## Solutions for exercises "C" in May, 2002 |

In this page only the sketch of the solutions are published; in some cases only the final results. To achieve the maximum score in the competition more detailed solutions needed.

**C. 675.** Is there a square number in
which the last two digits are both odd?

**Solution.** The number in question can only be the square of an odd number, of the form (2*k*+1)^{2}=4*k*(*k*+1)+1, thus it leaves a remainder of 1 when divided by 4 (or even by 8). The last digit of an odd square number may be 1, 5 or 9, which now means that the remainder is 11, 15 or 19 when the number is divided by 20. Such numbers, however leave a remainder of 3 when divided by 4, and that contradicts to the observation above. Therefore, the last two digits of a square number cannot both be odd.

**C. 676.** The length of side *AB* of
the rectangle *ABEF* is 1 unit, and the length of side
*BE* is 3 units. The points *C* and *D* divide
side *BE* into three equal parts. Show that *BAC*+*BAD*\(\displaystyle \angle\)+*BAE*=180^{o}.

**Solution.**

The figure shows that *BAD*'\(\displaystyle mangle\)=*BAD*\(\displaystyle mangle\) and *BAC*\(\displaystyle mangle\)=45^{o}=*EAA*'\(\displaystyle mangle\), thus *BAD*\(\displaystyle mangle\)+*BAE*\(\displaystyle mangle\)+*BAC*\(\displaystyle mangle\)=*D*'*AB*\(\displaystyle mangle\)+*BAE*\(\displaystyle mangle\)+*EAA*'=180^{o}. (The problem can also be solved by using the addition formula of the tangent function.)

**C. 677.** Find the integers *a* and
*b*, given that
*a*^{4}+(*a*+*b*)^{4}+*b*^{4}
is a square number.

**Solution.** A square number may leave a remainder of 0 or 1 when divided by 4. 0 if the number is even and 1 if it is odd. Thus there is at most one odd number among *a*, *b*, and *a*+*b*. That can only happen if *a* and *b* are both even: *a*=2*a*_{1}, *b*=2*b*_{1}. Hence if *a*^{4}+(*a*+*b*)^{4}+*b*^{4}=16(*a*_{1}^{4}+(*a*_{1}+*b*_{1})^{4}+*b*_{1}^{4}) is a perfect square, then so is *a*_{1}^{4}+(*a*_{1}+*b*_{1})^{4}+*b*_{1}^{4}. That makes *a*_{1} and *b*_{1} also even, and so on. It follows that *a* and *b* are divisible by every power of 2, which is only possible if *a*=*b*=0; and that satisfies the requirement of the problem, too.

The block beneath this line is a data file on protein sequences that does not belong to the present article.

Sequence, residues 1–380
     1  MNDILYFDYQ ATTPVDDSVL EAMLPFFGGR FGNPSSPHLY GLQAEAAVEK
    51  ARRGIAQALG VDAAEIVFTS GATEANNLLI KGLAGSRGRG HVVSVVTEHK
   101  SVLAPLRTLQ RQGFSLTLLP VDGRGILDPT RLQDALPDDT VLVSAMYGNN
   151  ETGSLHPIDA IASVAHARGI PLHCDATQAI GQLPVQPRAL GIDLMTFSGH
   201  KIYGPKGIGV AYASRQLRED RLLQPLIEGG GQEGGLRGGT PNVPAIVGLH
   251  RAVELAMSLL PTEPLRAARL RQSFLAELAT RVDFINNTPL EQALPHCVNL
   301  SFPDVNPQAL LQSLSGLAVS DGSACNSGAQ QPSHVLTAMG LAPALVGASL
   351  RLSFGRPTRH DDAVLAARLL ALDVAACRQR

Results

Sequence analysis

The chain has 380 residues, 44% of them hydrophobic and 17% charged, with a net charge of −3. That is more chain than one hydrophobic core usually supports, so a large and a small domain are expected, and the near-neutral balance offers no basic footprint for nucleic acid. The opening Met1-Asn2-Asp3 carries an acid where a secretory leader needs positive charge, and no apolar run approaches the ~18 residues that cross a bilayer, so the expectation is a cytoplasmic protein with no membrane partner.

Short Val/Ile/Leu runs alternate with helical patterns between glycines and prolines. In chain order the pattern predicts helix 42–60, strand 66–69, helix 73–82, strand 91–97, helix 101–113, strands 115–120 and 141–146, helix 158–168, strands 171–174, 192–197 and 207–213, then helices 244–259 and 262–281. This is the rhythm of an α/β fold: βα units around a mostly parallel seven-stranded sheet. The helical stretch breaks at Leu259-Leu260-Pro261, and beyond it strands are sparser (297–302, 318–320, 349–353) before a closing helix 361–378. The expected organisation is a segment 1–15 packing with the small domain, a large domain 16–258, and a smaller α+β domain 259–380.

**C. 678.** In a triangle *ABC*,
*AC*=1, *ABC*\(\displaystyle \angle\)=30^{o}, *BAC*=60^{o}, and *D* denotes the foot of
the altitude from vertex *C*. Find the distance between the
centres of the inscribed circles of the triangles *ACD* and
*BCD*.

**Solution.**

*ABC*

is a (special) right-angled triangle, \(\displaystyle BC=\sqrt{3}\), *AB*=2^{.}*AC*=2. The perimeter of the triangle *ACD* is \(\displaystyle k_{ACD}={1\over2}k_{ABC}={{3+\sqrt{3}}\over2}\), and similarly, \(\displaystyle k_{BCD}={{\sqrt{3}}\over2}k_{ABC}={{3+3\sqrt{3}}\over2}\). The corresponding areas are \(\displaystyle t_{ACD}={1\over4}t_{ABC}={1\over4}\cdot{{\sqrt{3}}\over2}={{\sqrt{3}}\over8}\), \(\displaystyle t_{BCD}={3\over4}t_{ABC}={3\over4}\cdot{{\sqrt{3}}\over2}={{3\sqrt{3}}\over8}\). Thus the radii of the incircles of the small triangles are \(\displaystyle KE={{2\cdot t_{ACD}}\over{k_{ACD}}}={{\sqrt{3}}\over4}/{{3+\sqrt{3}}\over2}={{\sqrt{3}-1}\over4}\), \(\displaystyle LF={{2\cdot t_{BCD}}\over{k_{BCD}}}={{3\sqrt{3}}\over4}/{{3+3\sqrt{3}}\over2}={{3-\sqrt{3}}\over4}\). Finally, \(\displaystyle ED={{k_{ACD}}\over2}-AC={{3+\sqrt{3}}\over4}-1={{\sqrt{3}-1}\over4}\), \(\displaystyle DF={{k_{BCD}}\over2}-BC={{3+3\sqrt{3}}\over4}-\sqrt{3}={{3-\sqrt{3}}\over4}\), thus it follows from the Pythagorean theorem that \(\displaystyle KL=\sqrt{EF^2+(LF-KE)^2}=\sqrt{{1\over4}+{{(2-\sqrt{3})^2}\over4}}={2-\sqrt{3}}\approx0.52\).

**C. 679.** Given three spheres that
pairwise touch each other and also touch the plane *S*, determine
the radius of the sphere that has its centre on the plane *S*,
and that touches all the three spheres.

**Solution.**

The centres of the three unit spheres form an equilateral triangle of side length 2 in a plane parallel to the plane *S* at a distance of 1. The distance of the centre *K* of the sphere of radius *r* in question from all three vertices of the triangle is *r\(\displaystyle pm\)*1, depending on whether it touches the spheres on the outside or on the inside. Let *C* denote one of the three centres, and let *C*' be its orthogonal projection onto the plane *S*. It follows from the Pythagorean theorem applied to the right triangle *KC*'*C* that \(\displaystyle KC'=\sqrt{KC^2-C'C^2}=\sqrt{(r\pm1)^2-1}=\sqrt{r^2\pm2r}\). On the other hand, the length of *KC*' is equal to the distance \(\displaystyle {2\over{\sqrt{3}}}\) of the centre of the equilateral triangle of 2-unit side from the vertices. Hence \(\displaystyle r^2\pm2r={4\over3}\), thus \(\displaystyle r={{\sqrt{21}\pm3}\over3}\). So far, we have been assuming that the sphere in question either touches all the unit spheres on the outside or it touches all of them on the inside. There is no "mixed" configuration, because if the sphere of radius *r* of centre *K* touched the sphere of centre*G*_{1} on the outside and the sphere of centre *G*_{2} on the inside, then *KG*_{1}=*r*+1, *KG*_{2}=*r*-1 would imply that *G*_{1}*G*_{2}=2=(*r*+1)-(*r*-1)=*KG*_{1}-*KG*_{2}, that is, the triangle *G*_{1}*G*_{2}*K* would be degenerate, which means that *K* would lie on the line *G*_{1}*G*_{2}. That line, however, is parallel to the plane *S*, and thus has no common point with it.